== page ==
Health-check: On- and off-line
How are your motors feeling?
Electric motor analysis and testing is an excellent tool to prevent failures. A combination of on-line and off-line testing is necessary for a complete electrical predictive maintenance program. Together, they provide a picture of the motor’s health.
James Li, condition monitoring product manager at SKF Canada Ltd.’s head office in Toronto, contends the issue is not if a motor will fail electrically, but when.
On-line technologies test motors while operating, providing information about power condition and motor load, including specific diagnostic capabilities and overall system function.
Tests, many available in a networked continuously monitored system, include voltage transients, shaft grounding voltage and current, partial discharge, power and torque analysis, current signature analysis, winding temperature, ultrasound and thermography.
Critical motors at one or more sites can be managed from a single location and statistically analyzed trending limits automatically alert maintenance technicians of developing issues.
Off-line technologies test motors during shutdowns, measuring the integrity of the motor’s electromagnetic circuit and insulation system.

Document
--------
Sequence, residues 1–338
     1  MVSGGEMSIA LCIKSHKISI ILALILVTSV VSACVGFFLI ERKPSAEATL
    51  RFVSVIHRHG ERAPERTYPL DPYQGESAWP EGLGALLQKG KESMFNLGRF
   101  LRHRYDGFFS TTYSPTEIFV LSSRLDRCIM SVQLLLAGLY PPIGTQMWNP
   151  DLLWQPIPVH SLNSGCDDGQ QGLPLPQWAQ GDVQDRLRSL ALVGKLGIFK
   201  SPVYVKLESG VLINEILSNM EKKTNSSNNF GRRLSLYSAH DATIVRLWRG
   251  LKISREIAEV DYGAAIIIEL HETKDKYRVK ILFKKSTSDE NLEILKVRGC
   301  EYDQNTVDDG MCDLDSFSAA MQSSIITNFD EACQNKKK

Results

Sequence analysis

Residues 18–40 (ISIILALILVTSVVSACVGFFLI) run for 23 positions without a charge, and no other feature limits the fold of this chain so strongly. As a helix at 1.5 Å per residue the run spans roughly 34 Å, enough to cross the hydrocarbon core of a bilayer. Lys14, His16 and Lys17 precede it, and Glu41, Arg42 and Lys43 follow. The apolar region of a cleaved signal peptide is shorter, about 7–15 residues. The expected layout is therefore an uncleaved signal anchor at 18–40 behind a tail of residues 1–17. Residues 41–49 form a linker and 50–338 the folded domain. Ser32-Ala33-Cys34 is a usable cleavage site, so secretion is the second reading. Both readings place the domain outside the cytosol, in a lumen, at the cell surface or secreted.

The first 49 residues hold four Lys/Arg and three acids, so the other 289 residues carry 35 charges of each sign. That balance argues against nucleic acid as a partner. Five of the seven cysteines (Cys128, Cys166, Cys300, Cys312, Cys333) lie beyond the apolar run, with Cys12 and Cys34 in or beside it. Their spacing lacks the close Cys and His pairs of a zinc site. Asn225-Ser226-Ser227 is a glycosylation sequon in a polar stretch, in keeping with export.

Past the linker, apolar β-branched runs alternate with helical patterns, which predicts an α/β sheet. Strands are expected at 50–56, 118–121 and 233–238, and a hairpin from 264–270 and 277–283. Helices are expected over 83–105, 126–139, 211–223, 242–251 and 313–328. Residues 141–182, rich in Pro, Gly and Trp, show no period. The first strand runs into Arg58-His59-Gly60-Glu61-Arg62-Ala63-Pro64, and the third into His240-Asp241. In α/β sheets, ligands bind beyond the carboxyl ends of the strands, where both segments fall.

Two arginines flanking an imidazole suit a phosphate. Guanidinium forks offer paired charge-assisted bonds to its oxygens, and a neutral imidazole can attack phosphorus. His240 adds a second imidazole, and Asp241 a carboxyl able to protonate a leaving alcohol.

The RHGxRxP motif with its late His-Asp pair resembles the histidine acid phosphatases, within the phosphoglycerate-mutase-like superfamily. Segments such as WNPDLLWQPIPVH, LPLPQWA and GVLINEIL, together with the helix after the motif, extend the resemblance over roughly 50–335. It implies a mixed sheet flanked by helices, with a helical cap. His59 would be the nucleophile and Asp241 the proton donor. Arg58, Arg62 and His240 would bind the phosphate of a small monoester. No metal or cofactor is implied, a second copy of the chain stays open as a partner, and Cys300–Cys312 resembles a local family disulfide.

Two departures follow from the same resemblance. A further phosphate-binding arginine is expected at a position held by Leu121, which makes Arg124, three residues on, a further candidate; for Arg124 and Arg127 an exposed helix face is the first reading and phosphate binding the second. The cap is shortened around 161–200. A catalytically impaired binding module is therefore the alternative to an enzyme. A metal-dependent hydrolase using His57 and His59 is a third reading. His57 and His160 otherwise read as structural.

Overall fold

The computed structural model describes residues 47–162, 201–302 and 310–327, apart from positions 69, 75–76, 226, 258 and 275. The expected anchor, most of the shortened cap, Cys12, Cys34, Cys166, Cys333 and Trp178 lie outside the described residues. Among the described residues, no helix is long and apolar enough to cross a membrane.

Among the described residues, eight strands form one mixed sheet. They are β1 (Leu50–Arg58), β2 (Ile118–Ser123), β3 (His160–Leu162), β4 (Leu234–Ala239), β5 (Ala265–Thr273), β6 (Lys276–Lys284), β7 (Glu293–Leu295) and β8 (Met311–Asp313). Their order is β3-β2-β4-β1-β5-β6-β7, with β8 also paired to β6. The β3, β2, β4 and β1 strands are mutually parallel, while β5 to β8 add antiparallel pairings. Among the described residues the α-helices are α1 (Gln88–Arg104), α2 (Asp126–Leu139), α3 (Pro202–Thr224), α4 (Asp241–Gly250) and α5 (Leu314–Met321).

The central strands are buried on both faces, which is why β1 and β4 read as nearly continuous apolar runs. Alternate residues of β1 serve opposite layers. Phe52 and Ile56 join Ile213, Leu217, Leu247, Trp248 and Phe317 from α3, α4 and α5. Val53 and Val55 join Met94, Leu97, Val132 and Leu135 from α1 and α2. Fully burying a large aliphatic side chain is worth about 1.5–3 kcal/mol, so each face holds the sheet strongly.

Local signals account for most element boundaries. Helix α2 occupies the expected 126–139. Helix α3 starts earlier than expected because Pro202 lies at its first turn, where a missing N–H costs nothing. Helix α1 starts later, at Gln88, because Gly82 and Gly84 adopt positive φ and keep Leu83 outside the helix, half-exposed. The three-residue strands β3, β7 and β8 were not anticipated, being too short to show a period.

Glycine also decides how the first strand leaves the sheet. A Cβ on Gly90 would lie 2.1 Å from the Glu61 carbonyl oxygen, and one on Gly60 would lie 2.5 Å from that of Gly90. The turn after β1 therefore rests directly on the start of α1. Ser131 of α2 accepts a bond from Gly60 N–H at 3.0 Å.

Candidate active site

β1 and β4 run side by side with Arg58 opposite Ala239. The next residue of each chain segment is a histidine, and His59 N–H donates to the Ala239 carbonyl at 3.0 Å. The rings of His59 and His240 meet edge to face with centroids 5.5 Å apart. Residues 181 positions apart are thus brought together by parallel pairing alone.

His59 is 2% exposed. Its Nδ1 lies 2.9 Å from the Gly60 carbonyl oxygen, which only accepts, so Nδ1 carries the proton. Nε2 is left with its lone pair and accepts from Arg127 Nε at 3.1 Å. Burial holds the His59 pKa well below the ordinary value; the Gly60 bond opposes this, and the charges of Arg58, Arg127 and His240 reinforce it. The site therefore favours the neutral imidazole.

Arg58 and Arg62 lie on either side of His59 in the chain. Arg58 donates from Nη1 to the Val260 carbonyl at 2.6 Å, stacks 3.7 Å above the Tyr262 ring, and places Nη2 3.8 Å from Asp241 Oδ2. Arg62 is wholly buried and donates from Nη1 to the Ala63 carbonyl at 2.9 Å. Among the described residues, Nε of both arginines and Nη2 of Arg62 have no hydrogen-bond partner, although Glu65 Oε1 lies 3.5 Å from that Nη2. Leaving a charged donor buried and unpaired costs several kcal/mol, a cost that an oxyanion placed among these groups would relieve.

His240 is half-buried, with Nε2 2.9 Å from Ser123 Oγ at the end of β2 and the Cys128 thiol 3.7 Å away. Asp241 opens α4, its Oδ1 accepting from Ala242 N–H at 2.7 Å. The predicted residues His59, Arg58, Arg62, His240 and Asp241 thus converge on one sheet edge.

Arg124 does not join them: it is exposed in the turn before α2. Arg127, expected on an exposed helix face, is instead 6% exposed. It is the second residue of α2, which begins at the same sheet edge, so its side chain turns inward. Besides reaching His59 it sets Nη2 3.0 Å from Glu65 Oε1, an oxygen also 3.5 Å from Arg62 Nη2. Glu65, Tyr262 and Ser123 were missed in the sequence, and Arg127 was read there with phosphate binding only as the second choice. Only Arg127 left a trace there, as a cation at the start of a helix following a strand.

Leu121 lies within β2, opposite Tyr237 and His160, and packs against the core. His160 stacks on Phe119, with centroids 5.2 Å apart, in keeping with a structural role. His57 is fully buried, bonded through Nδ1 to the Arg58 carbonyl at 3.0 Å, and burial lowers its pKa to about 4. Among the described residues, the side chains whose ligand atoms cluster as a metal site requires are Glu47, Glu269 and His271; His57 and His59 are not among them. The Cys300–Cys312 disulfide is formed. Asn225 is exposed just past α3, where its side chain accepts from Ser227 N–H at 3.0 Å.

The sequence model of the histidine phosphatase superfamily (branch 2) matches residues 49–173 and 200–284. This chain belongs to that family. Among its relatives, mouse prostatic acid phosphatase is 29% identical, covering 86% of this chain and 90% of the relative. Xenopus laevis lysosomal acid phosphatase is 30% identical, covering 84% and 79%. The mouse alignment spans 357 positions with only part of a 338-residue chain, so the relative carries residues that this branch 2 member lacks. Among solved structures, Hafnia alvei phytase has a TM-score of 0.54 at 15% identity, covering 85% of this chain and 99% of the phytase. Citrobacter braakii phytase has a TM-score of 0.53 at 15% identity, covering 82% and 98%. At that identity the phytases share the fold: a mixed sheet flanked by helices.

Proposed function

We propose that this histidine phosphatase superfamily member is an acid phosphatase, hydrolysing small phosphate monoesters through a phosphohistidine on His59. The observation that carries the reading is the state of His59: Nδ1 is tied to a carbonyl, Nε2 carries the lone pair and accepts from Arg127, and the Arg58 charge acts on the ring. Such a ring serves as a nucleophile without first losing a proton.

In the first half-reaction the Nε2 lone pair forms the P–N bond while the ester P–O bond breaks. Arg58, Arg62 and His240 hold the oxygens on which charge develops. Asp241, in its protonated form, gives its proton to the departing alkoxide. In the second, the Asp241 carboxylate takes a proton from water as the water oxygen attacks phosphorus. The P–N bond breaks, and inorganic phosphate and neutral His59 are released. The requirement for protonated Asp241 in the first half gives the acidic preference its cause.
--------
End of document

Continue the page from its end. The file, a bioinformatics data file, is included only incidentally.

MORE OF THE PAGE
Tests include winding resistance, capacitance, insulation resistance, polarization index/dielectric absorption, power factor, breakdown voltage degradation, hipot (high potential) tests, winding inductance and impedance, surge impulse, partial discharge and core loss.
Here is a five-step optimal approach to off-line testing:
- Start with low voltage tests of the winding.
- Test ground insulation with tests of increasing voltage.
- Test turn and phase insulation.
- Test stator core during rewinds.
- Test the rotor.
Information was provided at a MainTrain maintenance conference, developed and produced by the Plant Engineering and Maintenance Association of Canada (PEMAC). Most of the technologies are summarized in IEEE 1415 and discussed in various standards from IEEE, EPRI, NEMA, CSA and EASA.